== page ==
Regular price: $20.72

Membership details Membership details
  • A 30-day trial plus your first audiobook, free.
  • 1 credit/month after trial – good for any book, any price.
  • Easy exchanges – swap any book you don’t love.
  • Keep your audiobooks, even if you cancel.
  • After your trial, Audible is just $14.95/month.
Select or Add a new payment method

Buy Now with 1 Credit

By confirming your purchase, you agree to Audible's Conditions of Use and Amazon's Privacy Notice. Taxes where applicable.

Buy Now for $20.72

Pay using card ending in
By confirming your purchase, you agree to Audible's Conditions of Use and Amazon's Privacy Notice. Taxes where applicable.

Add to Library for $0.00

By confirming your purchase, you agree to Audible's Conditions of Use and Amazon's Privacy Notice. Taxes where applicable.

Publisher's Summary

The Marine Corps has always considered itself a breed apart. Since 1775, America's smallest armed service has been suspicious of outsiders and deeply loyal to its traditions. Marines believe in nothing more strongly than the Corps' uniqueness and superiority, and this undying faith in its own exceptionalism is what has made the Marines one of the sharpest, swiftest tools of American military power. Along with unapologetic self-promotion, a strong sense of identity has enabled the Corps to exert a powerful influence on American politics and culture.
Aaron O'Connell focuses on the period from World War II to Vietnam, when the Marine Corps transformed itself from America's least respected to its most elite armed force. He describes how the distinctive Marine culture played a role in this ascendancy. Venerating sacrifice and suffering, privileging the collective over the individual, Corps culture was saturated with romantic and religious overtones that had enormous marketing potential in a postwar America energized by new global responsibilities. Capitalizing on this, the Marines curried the favor of the nation's best reporters, befriended publishers, courted Hollywood and Congress, and built a public relations infrastructure that would eventually brand it as the most prestigious military service in America.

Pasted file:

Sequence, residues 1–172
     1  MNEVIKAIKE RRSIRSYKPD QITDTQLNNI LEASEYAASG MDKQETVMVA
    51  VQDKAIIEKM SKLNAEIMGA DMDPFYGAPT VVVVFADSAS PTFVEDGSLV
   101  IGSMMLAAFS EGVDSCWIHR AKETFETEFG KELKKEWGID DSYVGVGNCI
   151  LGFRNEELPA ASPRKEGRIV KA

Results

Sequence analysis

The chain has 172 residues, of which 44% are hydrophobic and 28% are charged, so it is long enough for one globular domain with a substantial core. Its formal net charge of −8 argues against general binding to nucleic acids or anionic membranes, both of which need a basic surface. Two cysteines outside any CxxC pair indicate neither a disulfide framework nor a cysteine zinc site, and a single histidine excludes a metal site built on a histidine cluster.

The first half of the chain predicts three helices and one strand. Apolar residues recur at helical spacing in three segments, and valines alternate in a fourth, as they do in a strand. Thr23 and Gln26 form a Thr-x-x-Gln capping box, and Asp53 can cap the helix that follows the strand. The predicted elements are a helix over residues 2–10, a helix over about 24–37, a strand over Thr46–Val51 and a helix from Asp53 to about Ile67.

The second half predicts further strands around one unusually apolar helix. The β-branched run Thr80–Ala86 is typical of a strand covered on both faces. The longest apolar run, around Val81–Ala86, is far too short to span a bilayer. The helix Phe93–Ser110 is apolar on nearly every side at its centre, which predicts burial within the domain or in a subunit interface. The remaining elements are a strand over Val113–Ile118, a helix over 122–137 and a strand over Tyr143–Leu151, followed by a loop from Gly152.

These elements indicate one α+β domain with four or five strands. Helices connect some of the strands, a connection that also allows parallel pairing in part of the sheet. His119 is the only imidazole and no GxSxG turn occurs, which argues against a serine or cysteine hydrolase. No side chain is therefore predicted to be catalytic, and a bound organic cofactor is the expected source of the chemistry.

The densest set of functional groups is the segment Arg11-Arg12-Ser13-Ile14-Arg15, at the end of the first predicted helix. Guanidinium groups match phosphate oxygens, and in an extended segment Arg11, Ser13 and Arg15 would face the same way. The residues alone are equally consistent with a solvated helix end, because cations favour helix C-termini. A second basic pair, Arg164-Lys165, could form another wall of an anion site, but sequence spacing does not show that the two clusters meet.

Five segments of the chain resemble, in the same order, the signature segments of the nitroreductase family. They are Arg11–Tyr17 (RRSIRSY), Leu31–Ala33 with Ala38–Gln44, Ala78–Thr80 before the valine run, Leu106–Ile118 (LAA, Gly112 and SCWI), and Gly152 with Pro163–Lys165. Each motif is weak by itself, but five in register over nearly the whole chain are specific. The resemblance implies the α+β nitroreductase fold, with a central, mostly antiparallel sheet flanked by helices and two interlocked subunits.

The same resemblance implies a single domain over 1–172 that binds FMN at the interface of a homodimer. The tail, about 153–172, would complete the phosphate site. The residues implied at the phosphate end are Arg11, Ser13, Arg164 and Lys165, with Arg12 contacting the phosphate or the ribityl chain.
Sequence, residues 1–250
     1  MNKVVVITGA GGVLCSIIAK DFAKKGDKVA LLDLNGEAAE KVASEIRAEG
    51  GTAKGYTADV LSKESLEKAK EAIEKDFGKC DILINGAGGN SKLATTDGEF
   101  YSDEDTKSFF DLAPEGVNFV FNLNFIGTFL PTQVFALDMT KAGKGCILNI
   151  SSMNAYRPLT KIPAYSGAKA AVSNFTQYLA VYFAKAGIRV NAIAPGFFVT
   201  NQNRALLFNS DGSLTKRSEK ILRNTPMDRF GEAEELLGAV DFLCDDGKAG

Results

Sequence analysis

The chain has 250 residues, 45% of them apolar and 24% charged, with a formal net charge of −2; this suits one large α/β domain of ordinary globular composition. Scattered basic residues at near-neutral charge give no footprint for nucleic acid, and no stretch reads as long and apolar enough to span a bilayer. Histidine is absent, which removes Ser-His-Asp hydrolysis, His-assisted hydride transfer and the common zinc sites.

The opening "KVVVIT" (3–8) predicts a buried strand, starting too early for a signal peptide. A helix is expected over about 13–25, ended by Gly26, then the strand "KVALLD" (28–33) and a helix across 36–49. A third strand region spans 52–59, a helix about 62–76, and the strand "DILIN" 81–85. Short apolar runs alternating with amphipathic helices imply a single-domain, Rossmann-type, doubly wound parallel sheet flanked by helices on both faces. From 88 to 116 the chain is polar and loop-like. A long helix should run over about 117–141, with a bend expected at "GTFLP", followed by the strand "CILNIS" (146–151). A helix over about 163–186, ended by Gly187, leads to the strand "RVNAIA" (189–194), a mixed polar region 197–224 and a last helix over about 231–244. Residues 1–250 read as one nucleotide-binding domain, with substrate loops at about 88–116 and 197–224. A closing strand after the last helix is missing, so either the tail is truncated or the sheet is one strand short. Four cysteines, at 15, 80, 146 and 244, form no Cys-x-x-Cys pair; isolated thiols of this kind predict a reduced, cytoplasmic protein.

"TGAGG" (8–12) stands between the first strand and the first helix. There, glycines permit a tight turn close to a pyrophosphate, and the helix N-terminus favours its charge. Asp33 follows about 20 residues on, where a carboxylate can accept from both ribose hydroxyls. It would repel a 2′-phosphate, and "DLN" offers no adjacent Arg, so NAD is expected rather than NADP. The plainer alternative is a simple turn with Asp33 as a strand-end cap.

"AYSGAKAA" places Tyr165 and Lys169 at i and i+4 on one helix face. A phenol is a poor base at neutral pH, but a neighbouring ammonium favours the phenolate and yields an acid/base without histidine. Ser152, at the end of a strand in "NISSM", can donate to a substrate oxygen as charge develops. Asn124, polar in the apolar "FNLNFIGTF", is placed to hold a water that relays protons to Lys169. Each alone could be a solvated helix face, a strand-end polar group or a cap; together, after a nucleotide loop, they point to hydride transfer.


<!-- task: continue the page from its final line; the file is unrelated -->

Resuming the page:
But the Corps' triumphs did not come without costs, and O'Connell writes of those, too, including a culture of violence that sometimes spread beyond the battlefield. And as he considers how the Corps' interventions in American politics have ushered in a more militarized approach to national security, O'Connell questions its sustainability.
©2012 the President and Fellows of Harvard College (P)2013 Tantor
Show More Show Less

Critic Reviews

"O'Connell offers an excellent analysis of how the marines became the Marines." ( Publishers Weekly)
Show More Show Less

Customer Reviews

Most Helpful
4 out of 5 stars
By Jean on 04-17-13

The making of the Marine Corps

Aaron B. O'Connell is a professor at Annapolis. O'Connell covers briefly the beginning of the Corp and it's poor reputation because of it tough men many with criminal backgrounds. When the Corp was created it designed it's self on the Royal marines including the uniform. O'Connell covers in detail the period from WWII to the start of the Vietnam war. . The marines transformed itself from American least respected to it's most elite armed forces during this period. He explains in detail how they created a great public relation infrastructure, cultivated newsman and Hollywood to promote the corp. Unlike the other services the Marine stories were focus on the men mainly the privates and aimed the information for the families at home. He shows how the corp created exceptionalism, self promotion, and strong sense of identity, and their role in American politics and culture. It is an interesting book but he could have reduced the amount of repetition. If you want to understand the history of the Corp and how it made itself this is the book for you. If you are a history buff you will also enjoy the book. Danny Campbell did a good job with the narration.

Read More Hide me

3 of 4 people found this review helpful

See all Reviews